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German units near Armentieres June 12, 1918

Article about: Any one have any idea of what German Infantry regiments were just north of Armentieres on the 12th of June 1918? I am researching an RAF pilot who was shot down and captured 13 miles north-w

  1. #1

    Default German units near Armentieres June 12, 1918

    Any one have any idea of what German Infantry regiments were just north of Armentieres on the 12th of June 1918? I am researching an RAF pilot who was shot down and captured 13 miles north-west of Armentieres. He stated that he ended up being held in a farm house that had previously been the battalion HQ for a regiment of Welsh Fusiliers. Thanks in advance for your time.
    Tom

  2. #2

    Default Re: German units near Armentieres June 12, 1918

    Quote by Croix de Guerre View Post
    Any one have any idea of what German Infantry regiments were just north of Armentieres on the 12th of June 1918? I am researching an RAF pilot who was shot down and captured 13 miles north-west of Armentieres. He stated that he ended up being held in a farm house that had previously been the battalion HQ for a regiment of Welsh Fusiliers. Thanks in advance for your time.
    Tom
    Nothing huh? Any ideas where one might begin to look?

  3. #3

    Default Re: German units near Armentieres June 12, 1918

    Tom: The reference you want is available online as a free download in PDF format. The title is, Histories of Two Hundred and Fifty-One Divisions of the German Army Which Participated in the War (1914-1918) It was prepared by the AEF HQ at Chaumont, France in 1919, and published by the Government Printing Office in 1920
    Simply enter the title in the Google search engine and you will get at least two hits on that title. Or you can go directly to www. Scribd .com where you will sign up by providing your email address, a user name, and a password. There is no charge for signing up and the download is free. The other source is Google Books which might also offer a free PDF download. Dwight
    Last edited by drmessimer; 01-11-2012 at 06:15 PM.

  4. #4

    Default Re: German units near Armentieres June 12, 1918

    Tom: I forgot to add in the above post that you should start by looking at the Bavarian 4th and 6th Divisions, both of which were under Prince Ruppricht of Bavaria's command and which fought in the area you are interested in. Dwight

  5. #5

    Default Re: German units near Armentieres June 12, 1918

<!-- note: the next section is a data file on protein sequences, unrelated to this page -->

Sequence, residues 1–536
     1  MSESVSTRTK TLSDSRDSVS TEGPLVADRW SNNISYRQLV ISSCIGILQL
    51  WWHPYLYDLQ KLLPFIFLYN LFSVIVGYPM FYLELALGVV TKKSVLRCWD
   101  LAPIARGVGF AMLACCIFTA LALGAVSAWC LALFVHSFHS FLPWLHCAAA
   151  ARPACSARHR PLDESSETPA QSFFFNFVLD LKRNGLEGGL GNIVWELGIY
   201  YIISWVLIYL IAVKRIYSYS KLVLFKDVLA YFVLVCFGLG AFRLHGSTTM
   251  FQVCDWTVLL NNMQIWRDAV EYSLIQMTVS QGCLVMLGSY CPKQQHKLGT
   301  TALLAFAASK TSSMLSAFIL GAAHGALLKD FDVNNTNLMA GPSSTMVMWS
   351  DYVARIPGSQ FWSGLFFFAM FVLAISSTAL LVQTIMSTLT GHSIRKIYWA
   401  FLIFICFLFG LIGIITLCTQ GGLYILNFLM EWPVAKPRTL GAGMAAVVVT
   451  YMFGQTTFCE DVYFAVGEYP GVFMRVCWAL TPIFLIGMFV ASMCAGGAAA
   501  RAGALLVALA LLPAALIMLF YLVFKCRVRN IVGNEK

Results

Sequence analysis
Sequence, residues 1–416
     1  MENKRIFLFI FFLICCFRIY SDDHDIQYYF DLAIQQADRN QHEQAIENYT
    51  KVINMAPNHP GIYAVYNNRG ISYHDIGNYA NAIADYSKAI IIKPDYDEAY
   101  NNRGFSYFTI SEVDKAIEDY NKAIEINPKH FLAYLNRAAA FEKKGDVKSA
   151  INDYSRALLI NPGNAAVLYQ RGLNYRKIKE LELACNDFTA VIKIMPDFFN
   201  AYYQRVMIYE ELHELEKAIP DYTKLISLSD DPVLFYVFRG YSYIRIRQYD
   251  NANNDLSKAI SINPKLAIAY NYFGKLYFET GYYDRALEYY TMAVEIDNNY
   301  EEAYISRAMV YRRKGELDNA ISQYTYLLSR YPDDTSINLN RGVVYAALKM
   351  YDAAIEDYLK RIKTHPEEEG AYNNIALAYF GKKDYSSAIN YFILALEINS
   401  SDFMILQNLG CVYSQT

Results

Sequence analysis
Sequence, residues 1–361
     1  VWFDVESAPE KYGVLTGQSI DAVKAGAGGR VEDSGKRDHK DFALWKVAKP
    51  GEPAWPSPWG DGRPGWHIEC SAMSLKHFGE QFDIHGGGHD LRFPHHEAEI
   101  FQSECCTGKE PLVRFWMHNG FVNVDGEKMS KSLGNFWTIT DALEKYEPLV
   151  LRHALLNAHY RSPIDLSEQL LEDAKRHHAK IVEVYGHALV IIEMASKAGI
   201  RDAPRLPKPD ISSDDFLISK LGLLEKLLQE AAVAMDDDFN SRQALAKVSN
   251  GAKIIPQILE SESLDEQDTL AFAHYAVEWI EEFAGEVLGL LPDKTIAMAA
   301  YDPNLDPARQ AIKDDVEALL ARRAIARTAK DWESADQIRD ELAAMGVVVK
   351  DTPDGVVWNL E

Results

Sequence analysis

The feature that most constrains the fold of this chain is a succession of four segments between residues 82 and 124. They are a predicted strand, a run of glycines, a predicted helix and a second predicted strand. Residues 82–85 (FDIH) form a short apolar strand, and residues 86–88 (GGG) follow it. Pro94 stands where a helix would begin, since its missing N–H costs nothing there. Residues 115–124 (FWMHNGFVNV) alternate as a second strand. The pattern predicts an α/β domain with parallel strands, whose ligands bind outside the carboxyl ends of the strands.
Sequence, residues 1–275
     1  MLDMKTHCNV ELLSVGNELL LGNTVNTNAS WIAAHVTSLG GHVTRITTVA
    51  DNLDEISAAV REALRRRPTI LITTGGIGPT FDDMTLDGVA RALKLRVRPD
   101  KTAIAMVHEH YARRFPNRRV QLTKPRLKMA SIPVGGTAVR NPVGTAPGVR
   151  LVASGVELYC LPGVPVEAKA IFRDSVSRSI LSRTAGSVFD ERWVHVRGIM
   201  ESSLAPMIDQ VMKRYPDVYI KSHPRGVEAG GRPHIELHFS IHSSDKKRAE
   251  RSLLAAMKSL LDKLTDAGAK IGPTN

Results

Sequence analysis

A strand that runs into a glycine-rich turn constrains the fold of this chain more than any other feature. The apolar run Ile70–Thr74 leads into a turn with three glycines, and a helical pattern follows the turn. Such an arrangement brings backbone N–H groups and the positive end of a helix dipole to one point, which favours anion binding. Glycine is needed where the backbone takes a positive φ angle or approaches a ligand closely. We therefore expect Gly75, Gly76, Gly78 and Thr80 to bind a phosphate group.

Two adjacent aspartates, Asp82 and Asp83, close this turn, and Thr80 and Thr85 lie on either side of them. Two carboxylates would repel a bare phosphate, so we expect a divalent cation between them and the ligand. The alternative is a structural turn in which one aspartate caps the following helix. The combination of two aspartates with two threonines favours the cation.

Dwight, YOU ARE THE MAN! Thank you so very much! I've been working on this book for some time now and I always thought it would be cool to try and figure out which regiment initially captured my pilot after he was shot down. The soldaten treated him very well by all accounts, especially so after they found out he was an American. One gaurd spoke a little English and explained that his brother lived in Chicago and drove a brewery wagon there. He went on to explain that he hoped to immigrate to Chicago after the wat and join his brother in his high calling. My pilot had a little fun with him and told him he should run for mayor as soon as he arrived. Thanks again Dwight!

  6. #6

    Default Re: German units near Armentieres June 12, 1918

    Tom: What is the name of the pilot you are researching? I have a small file on US citizens who were in the RFC, RAF, and the French air arm in WWI that might have information you can use. Many of the Americans who flew for the Allies, and were captured, were sent to POW camps that held primarily Americans, even though they were not flying for the Americans when they were captured. Villingen was the main American camp, though there were other POW camps for American EM. If your subject was in an American POW camp, his name and the transfer reports are probably in the Records of the American National Red Cross, 1917-34. Files Pertaining to Bureau of Prisoners Information and Communication, 6 April 1917-31 December 1918, RG200, National Archives, College Park, MD. Another possible source of information might be RG242, Microfilm Publication T1022, Roll 42, Ser. M, vols. 6-11, "Experiences of Air Service Officers Who Were Prisoners of War." But that is rather a long-shot. One last suggestion. I have a large chart showing the structure of the Royal Bavarian Army, 1914-18 (Könlich Bayerische Armee, 1914-18), which is very uiseful and is actually available online. If you enter either the English or German title in Google, it will take you to at least two sources for the chart. The online chart is a PNG file that allows you to enlarge it so that it is easily read. If you have any questions, you can email me directly at drmessimer@aol.com or through the Forum's PM system. Good luck with you research. Dwight

  7. #7

    Default Re: German units near Armentieres June 12, 1918

    From a quick search it looks as if elements of the 10th Bavarian most likely fit the bill at this point.

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